Déjà vu as there was a late rally yesterday evening spurred by the Fed’s Beige book which noted that 5 of the 12 districts saw “that the downward trend is showing signs of moderating”. The market had earlier dipped on news of a very stodgy 10 year US Treasury Bond Auction (where investors demanded 3.99%, the highest yield since August 2008 to buy the government securities) and worries about inflation and higher gasoline pump prices. Note also that figures yesterday showed new mortgage applications at a four month low. Hardly surprising given a 30 year mortgage now costs 5.57% from 4.61% in March.
Today’s Market Moving Stories
- US foreclosures are still rising. The latest RealtyTrac data has shown that one in every 398 households in the US is in some state of foreclosure. May 2009 foreclosures are up 18% yoy although a slight improvement from April. The three month run rate is now more than 300k per month. With unemployment still not falling (9.4% in May in the US) coupled with falling house prices (down 19% yoy as at end-March 09) the trend is expected to continue with total foreclosure filings for the first half of 2009 possibly reaching 1.8m. This will continue to show up in banks’ credit losses for the foreseeable future, albeit near-term, the US banks have been much more proactive in pre-provisioning, with average coverage levels north of 100% for now, while the major European bank average is around the 55-60% mark.
- Overnight we got news of Chinese fixed investment for May. Investment continued to accelerate, with annual growth reaching almost 33%, up from a low of 24% last year. The trade balance for May showed a 4% bounce in exports, although the trend in sales remains on a downward drift (sales are down a worse-than-expected 26% from a year ago).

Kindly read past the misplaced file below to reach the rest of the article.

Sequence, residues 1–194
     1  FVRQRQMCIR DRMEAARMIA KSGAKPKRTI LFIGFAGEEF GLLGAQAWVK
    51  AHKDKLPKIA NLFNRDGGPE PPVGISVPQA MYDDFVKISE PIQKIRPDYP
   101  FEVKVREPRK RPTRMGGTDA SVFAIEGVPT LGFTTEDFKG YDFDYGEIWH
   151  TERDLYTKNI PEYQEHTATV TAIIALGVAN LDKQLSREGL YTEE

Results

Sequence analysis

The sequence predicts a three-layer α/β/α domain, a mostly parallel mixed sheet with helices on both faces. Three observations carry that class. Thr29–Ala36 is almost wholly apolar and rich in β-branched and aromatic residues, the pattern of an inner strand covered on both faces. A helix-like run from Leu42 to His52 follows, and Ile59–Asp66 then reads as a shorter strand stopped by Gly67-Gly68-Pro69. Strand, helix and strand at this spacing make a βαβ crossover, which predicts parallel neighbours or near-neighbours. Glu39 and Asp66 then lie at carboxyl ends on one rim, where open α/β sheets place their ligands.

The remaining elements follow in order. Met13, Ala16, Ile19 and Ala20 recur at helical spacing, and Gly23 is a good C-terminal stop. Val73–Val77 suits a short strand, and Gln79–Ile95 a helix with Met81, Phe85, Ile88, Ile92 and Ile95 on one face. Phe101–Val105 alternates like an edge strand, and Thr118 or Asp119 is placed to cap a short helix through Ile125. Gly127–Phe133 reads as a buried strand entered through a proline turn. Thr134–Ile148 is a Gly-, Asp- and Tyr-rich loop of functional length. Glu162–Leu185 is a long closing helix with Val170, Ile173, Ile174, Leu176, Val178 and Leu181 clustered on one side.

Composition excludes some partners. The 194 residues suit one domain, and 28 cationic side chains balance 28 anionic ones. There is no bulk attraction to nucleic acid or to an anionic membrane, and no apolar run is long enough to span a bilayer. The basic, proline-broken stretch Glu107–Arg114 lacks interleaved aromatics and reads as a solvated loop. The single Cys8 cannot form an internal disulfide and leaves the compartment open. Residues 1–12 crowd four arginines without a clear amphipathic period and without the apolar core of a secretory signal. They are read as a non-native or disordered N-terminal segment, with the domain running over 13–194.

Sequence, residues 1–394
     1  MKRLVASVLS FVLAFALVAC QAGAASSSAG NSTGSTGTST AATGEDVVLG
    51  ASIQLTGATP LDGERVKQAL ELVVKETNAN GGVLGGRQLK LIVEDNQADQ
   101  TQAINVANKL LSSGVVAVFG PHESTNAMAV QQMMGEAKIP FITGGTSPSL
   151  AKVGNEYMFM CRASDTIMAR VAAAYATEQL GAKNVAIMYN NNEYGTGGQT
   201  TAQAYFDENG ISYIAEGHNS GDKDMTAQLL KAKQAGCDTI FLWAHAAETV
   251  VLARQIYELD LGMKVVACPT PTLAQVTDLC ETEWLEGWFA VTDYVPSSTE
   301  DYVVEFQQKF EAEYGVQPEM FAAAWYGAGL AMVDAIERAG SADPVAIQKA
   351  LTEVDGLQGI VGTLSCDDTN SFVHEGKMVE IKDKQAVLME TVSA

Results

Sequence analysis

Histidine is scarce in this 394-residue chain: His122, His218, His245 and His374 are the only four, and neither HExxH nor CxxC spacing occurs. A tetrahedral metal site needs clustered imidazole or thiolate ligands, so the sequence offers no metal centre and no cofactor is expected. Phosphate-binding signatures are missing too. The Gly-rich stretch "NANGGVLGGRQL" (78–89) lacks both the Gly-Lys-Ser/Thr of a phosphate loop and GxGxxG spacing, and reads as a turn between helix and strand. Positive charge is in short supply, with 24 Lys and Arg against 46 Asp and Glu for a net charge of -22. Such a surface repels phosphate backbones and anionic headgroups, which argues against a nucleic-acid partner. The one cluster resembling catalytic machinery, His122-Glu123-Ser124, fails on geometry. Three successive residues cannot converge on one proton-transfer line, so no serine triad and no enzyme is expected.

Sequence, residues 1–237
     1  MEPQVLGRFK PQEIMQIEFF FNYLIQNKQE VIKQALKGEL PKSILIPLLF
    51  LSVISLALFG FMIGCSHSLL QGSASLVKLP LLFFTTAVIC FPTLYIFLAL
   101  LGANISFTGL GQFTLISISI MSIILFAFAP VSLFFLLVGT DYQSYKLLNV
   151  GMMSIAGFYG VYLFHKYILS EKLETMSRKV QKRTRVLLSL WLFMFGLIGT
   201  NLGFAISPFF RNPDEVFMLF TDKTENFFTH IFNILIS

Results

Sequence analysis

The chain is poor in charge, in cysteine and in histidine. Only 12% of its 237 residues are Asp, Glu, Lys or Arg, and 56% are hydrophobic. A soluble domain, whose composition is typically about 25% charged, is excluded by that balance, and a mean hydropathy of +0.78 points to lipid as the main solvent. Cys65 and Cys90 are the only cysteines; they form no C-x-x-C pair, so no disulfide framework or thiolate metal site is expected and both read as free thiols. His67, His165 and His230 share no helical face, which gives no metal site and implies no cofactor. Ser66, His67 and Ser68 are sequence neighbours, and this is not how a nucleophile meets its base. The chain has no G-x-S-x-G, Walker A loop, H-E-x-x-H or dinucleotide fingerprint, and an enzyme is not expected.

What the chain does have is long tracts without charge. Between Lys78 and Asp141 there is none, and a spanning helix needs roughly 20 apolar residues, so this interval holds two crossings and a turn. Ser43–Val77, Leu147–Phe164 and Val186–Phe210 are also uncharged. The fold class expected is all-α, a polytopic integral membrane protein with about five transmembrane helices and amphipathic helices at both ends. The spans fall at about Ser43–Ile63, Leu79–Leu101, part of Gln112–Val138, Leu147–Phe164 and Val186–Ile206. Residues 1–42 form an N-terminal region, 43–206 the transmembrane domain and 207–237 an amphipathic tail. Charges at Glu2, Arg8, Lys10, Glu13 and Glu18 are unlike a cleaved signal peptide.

- For Asian equities key psychological barriers could keep equity markets capped for a while, with the Nikkei nearing 10,000 and the HSI closing in on 20,000. Whether the market conquers these markers ultimately depends on continued liquidity.
- European stocks in the news are pharma giant Glaxo (NYSE:GSK) whose shares got a boost after they were rated “attractive” at Morgan Stanley while Electrolux (OTC:ELUXF) is also up after a buy recommendation from Goldman Sachs.
- More gloomy tidings from the troubled airline sector. Both Iberia and Lufthansa (OTCQX:DLAKY) have released May passenger data which echoes the negative trends from other Flags. Iberia’s volume fell 11%, with domestic down 9.8% and Europe -10.3%. Lufthansa traffic in Europe declined 3.1% to 4.8m (including Swiss). It has been a tough start for summer trading across the entire industry.
- Allied Irish Bank (AIB) today confirmed that it has initiated an exchange (buyback) of its subordinate bonds, following the Bank of Ireland initiative. In principle, bond holders will have the opportunity to swap current AIB bonds for that of a specified series of new notes. Up to €2.65 billion in bonds are being bid for by AIB as part of the exchange. The pricing of the exchange will take place on June 22 2009. AIB could benefit to the tune of €700m - €800m which would provide a 10% boost to existing Core Equity Tier 1 capital of €7.7 billion.